To allow the player to control the play of the video blackjack game, a plurality of player-selectable buttons may be displayed. The buttons may include a “Cash Out” button 406, a “See Pays” button 408, a “Stay” button 410, a “Hit” button 412, a “Bet One Credit” button 414, and a “Bet Max Credits” button 416. The display 400 may also include an area 418 in which the number of remaining credits or value is displayed. If the display unit 69 is provided with a touch-sensitive or motion-sensitive screen, the buttons 406, 408, 410, 412, 414, 416 may form part of the video display 400. Alternatively, one or more of those buttons may be provided as part of a control panel that is provided separately from the display units 68, 69, 70.

FIG. 9 is a flowchart of the video blackjack routine 220 shown schematically in FIG. 4. Referring to FIG. 9, the video blackjack routine 220 may begin at block 420 where it may determine whether a bet has been made by the player. That may be determined, for example, by detecting the activation of either the “Bet One Credit” button 414 or the “Bet Max Credits” button 416. At block 422, bet data corresponding to the bet made at block 420 may be stored in the memory of the controller 100. At block 424, a dealer's hand and a player's hand may be “dealt” by making the playing card images 402, 404 appear on the display unit 69.

At block 426, the player may be allowed to be “hit,” in which case at block 428 another card will be dealt to the player's hand by making another playing card image 404 appear in the display 400. If the player is hit, block 430 may determine if the player has “bust,” or exceeded 21. If the player has not bust, blocks 426 and 428 may be performed again to allow the player to be hit again.

If the player decides not to hit, at block 432 the routine may determine whether the dealer should be hit. Whether the dealer hits may be determined in accordance with predetermined rules, such as the dealer always hit if the dealer's hand totals 15 or less. If the dealer hits, at block 434 the dealer's hand may be dealt another card by making another playing card image 402 appear in the display 400. At block 436 the routine may determine whether the dealer has bust. If the dealer has not bust, blocks 432, 434 may be performed again to allow the dealer to be hit again.

If the dealer does not hit, at block 436 the outcome of the blackjack game and a corresponding payout may be determined based on, for example, whether the player or the dealer has the higher hand that does not exceed 21. If the player has a winning hand, a payout value corresponding to the winning hand may be determined at block 440. At block 442, the player's cumulative value or number of credits may be updated by subtracting the bet made by the player and adding, if the player won, the payout value determined at block 440. The cumulative value or number of credits may also be displayed in the display area 418 (FIG. 7).

Slots

FIG. 10 is an exemplary display 450 that may be shown on the display unit 69 during performance of the slots routine 230 shown schematically in FIG. 4. Referring to FIG. 10, the display 450 may include video images 452 of a plurality of slot machine reels, each of the reels having a plurality of reel symbols 454 associated therewith. Although the display 450 shows five reel images 452, each of which may have three reel symbols 454 that are visible at a time, other reel configurations could be utilized.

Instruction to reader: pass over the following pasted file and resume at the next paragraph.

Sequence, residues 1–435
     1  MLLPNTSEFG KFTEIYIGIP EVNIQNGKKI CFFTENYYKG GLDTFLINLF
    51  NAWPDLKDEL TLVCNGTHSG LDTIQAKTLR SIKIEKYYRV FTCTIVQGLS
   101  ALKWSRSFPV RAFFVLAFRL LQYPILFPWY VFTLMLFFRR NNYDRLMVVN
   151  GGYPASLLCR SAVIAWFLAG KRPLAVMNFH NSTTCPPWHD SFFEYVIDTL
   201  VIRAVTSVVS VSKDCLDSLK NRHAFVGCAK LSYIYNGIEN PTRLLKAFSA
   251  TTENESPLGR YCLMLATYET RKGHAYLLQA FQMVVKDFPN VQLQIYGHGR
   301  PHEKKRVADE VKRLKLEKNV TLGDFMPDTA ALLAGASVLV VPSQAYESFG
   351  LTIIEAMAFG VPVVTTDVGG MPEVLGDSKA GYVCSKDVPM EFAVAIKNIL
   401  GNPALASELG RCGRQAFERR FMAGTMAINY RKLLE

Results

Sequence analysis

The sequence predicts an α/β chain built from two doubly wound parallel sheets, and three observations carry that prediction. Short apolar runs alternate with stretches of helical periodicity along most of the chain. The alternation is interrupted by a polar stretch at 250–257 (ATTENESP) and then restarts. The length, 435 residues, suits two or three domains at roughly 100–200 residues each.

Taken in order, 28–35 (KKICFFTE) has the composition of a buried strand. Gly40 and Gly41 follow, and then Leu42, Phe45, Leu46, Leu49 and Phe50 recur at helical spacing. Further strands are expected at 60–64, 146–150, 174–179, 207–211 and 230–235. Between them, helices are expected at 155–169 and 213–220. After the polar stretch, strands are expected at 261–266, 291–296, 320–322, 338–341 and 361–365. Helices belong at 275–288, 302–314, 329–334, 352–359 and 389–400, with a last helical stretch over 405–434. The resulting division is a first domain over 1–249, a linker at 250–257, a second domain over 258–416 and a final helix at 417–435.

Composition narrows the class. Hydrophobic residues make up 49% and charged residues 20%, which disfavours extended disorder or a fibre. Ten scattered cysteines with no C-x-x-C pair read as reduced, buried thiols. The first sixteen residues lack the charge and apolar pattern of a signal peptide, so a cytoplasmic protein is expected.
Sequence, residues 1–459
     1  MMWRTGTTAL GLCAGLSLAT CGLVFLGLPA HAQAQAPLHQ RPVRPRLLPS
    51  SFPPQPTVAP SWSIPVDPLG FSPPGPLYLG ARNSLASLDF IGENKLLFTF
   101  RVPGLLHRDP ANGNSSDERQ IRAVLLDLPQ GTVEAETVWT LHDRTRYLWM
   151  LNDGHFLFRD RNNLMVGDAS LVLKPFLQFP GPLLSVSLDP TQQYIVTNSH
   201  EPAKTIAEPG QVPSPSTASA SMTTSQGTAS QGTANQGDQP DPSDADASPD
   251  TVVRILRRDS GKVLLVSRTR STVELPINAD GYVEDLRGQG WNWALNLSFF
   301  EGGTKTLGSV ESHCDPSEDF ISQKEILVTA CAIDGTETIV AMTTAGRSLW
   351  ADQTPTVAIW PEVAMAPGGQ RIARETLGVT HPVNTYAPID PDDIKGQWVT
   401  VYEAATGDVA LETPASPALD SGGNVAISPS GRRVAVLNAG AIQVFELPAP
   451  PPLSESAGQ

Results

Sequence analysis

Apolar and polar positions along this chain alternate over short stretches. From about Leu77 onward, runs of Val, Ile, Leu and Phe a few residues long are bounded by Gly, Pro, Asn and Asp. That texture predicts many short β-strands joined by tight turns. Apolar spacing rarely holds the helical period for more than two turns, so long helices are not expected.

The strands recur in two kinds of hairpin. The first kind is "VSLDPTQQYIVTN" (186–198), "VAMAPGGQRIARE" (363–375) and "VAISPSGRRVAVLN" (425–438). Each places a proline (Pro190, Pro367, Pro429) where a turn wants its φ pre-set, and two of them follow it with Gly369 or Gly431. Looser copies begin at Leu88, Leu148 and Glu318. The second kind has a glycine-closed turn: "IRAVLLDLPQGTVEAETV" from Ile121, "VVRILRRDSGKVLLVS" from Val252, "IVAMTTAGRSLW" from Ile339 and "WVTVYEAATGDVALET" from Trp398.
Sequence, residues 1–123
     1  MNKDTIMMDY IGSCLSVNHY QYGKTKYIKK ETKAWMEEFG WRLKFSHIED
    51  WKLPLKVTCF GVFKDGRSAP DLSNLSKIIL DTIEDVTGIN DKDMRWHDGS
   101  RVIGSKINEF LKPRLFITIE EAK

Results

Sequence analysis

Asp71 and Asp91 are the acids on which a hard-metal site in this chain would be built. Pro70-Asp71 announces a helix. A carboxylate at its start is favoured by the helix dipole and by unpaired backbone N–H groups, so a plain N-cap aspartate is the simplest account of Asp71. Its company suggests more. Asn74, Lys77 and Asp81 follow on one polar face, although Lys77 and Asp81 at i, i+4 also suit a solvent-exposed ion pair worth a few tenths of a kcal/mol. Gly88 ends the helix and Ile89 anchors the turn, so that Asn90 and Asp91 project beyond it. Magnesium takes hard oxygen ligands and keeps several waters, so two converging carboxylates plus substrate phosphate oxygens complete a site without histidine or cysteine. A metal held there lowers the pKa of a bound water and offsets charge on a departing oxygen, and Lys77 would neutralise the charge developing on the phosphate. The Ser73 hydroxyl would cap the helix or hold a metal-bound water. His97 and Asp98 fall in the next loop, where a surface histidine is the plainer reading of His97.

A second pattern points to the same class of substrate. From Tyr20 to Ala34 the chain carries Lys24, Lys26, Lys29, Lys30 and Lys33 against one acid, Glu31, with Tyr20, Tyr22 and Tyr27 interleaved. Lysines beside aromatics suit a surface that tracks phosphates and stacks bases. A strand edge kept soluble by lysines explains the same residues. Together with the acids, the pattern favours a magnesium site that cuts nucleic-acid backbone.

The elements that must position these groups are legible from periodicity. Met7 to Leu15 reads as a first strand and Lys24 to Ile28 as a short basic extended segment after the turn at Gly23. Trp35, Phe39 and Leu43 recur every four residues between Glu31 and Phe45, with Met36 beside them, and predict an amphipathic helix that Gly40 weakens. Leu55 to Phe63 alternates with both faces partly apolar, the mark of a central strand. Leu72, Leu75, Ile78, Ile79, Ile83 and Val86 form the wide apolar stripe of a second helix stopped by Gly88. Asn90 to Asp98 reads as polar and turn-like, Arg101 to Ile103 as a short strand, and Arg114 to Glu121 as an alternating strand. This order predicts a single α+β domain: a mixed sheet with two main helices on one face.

To allow the player to control the play of the slots game, a plurality of player-selectable buttons may be displayed. The buttons may include a “Cash Out” button 456, a “See Pays” button 458, a plurality of payline-selection buttons 460 each of which allows the player to select a different number of paylines prior to “spinning” the reels, a plurality of bet-selection buttons 462 each of which allows a player to specify a wager amount for each payline selected, a “Spin” button 464, and a “Max Bet” button 466 to allow a player to make the maximum wager allowable.

FIG. 12 is a flowchart of the slots routine 230 shown schematically in FIG. 10. Referring to FIG. 12, at block 470, the routine may determine whether the player has requested payout information, such as by activating the “See Pays” button 458, in which case at block 472 the routine may cause one or more pay tables to be displayed on the display unit 69. At block 474, the routine may determine whether the player has pressed one of the payline-selection buttons 460, in which case at block 476 data corresponding to the number of paylines selected by the player may be stored in the memory of the controller 100. At block 478, the routine may determine whether the player has pressed one of the bet-selection buttons 462, in which case at block 480 data corresponding to the amount bet per payline may be stored in the memory of the controller 100. At block 482, the routine may determine whether the player has pressed the “Max Bet” button 466, in which case at block 484 bet data (which may include both payline data and bet-per-payline data) corresponding to the maximum allowable bet may be stored in the memory of the controller 100.